JetBrains 5th Annual Hackathon: Logged in History 1st Prize to Ideolog
Looking back at Hackathon 5
“People who are crazy enough to think they can change the world are the ones who do.” – Steve Jobs.
In two days that is exactly the attitude a determined few embraced. With JetBrains’ 5th Internal Hackathon innovation, hard work, and determination the start of some incredible projects have been dreamed up, explored and discovered with already promising results.
Two days, 52 submissions, and 40 successful projects. The atmosphere in JetBrains was charged by the 99 participants who gathered on Wednesday, May 31st, ready to make their ideas come to life.
— JetBrains (@jetbrains) May 31, 2017
What it takes to code
No one can code on an empty stomach. Coders were able to sustain their progress with a provision of food, drink, and a healthy dose of optimism – achieving in just two days what others have only dreamed of. This year there must have been something special added to the pizza toppings as the projects surpassed every expectation.
The Prizes on offer
$18,000 worth of prizes split over nine categories were up for grabs this year, making the competition full of fierce contenders. 204 voters and a panel of judges oversaw entries and determined the winners based on votes and ingenuity. Prizes and their respective project winners were as follows.
Grand Prize $5,000 – Ideolog
The team made up by Dmitry Ivanov, Serge Baltic, Mikhail Filippov, Sergey Coox, Nikolay Kuznetsov, Andrey Akinshin, and Ivan Pashchenko created a historical debugging tool plugin for IntelliJ Platform which enables developers to open very long .log files and debug right inside the IDE with features such as: Text search in large files; Grouping, filtering, folding by category, threads; Navigation to source code from log event; Go to next error; Stacktrace highlighting; Extend selection; and Advanced error stripe (heat map). Ideolog collected a total score of 170, smashing the total of the nearest competitor. You can install the plugin and try it in your IDE right now.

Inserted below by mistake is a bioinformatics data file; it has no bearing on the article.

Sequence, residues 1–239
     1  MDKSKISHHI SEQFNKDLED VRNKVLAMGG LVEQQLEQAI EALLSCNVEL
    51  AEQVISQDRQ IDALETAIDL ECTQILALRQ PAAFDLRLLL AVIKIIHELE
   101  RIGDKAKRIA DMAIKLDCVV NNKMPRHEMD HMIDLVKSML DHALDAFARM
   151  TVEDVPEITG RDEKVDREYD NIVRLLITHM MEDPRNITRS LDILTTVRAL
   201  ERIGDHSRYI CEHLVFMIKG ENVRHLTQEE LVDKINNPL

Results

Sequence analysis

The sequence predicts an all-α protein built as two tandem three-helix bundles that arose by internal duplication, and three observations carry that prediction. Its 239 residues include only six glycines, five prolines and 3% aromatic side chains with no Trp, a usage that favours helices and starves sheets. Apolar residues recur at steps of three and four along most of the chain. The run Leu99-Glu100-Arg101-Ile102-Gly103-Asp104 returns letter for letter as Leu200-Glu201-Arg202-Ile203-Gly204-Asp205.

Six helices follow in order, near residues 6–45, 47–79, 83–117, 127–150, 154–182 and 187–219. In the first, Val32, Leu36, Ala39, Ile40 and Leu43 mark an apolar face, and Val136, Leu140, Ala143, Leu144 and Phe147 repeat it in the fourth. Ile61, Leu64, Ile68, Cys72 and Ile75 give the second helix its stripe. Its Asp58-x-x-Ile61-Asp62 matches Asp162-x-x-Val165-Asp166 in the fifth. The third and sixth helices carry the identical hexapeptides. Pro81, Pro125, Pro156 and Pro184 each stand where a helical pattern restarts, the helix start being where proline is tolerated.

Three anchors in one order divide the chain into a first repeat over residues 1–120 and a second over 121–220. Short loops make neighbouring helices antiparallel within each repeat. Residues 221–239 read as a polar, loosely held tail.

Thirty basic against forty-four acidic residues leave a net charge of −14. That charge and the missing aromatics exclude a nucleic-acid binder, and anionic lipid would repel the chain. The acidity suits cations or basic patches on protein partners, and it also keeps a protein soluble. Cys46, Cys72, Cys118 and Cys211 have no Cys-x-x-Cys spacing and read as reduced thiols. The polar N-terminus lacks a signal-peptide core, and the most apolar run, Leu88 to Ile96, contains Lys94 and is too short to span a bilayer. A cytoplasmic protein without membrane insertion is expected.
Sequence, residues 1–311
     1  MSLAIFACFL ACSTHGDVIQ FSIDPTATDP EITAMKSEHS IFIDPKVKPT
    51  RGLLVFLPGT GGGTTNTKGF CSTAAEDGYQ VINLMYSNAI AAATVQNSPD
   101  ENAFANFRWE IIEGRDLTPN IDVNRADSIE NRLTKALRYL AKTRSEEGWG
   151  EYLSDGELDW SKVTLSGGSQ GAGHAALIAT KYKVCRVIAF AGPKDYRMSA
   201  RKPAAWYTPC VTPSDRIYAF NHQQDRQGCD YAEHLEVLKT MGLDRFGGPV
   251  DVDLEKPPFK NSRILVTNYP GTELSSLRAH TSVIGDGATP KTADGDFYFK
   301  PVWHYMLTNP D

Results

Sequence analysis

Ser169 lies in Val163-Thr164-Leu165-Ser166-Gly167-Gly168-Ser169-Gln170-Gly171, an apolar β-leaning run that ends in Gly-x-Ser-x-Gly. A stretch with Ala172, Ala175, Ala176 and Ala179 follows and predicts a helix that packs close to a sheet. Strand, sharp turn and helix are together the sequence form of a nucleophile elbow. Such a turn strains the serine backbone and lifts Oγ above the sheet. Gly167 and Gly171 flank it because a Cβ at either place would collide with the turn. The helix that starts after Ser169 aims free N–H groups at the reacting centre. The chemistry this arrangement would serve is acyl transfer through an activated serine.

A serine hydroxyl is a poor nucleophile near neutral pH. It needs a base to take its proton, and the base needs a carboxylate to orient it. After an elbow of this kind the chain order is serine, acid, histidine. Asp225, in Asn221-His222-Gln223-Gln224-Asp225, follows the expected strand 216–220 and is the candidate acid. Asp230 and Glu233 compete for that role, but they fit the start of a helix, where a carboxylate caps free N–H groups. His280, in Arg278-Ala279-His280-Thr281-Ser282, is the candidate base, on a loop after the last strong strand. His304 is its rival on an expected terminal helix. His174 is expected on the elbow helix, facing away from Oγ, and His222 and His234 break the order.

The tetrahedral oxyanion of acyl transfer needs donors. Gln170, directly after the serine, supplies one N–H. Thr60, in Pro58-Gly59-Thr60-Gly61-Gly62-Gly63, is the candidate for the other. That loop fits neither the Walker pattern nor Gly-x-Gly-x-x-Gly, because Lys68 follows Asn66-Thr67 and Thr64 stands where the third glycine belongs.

Second Prize $3,000 – Nomouse
In this day and age, no one should still be using such a primitive tool as a traditional mouse. Roman Belov, Sergey Krivokhatsky, Bogdan Bugaev, and Anton Kryshchenko set about creating a system to track hand movement over the keyboard to control the mouse pointer and perform other actions such as scrolling and clicking. No mouse needed. Problem solved.
Third Prize $2,000 – Danke/Спасибо/Thanks …
When was the last time you thanked a colleague for a piece of work that they had done, or worse yet, been thanked for a piece that you had really gone above and beyond to complete? Victor Kropp, Olga Dyka, Marina Haynk, Ekaterina Shliakhovetskaja, and Julia Repina, in a bid to improve the culture of JetBrains, took the challenge to make a quick and easy-to-use webapp integrated with our internal Slack and office TVs to show colleagues your appreciation for all things, great and small.
CEO’s Choice Awards
Two projects were awarded special mention with the CEO’s Choice Award with both teams receiving prizes of $1,000 each. With Kotlin being the hot language, teams that explored the possibilities of this brought favor upon themselves from our CEO and rightfully so as they showed the potential there is to be had with this language.
CEO’s Choice Award I $1,000 – Processing for Kotlin as IntelliJ IDEA Plugin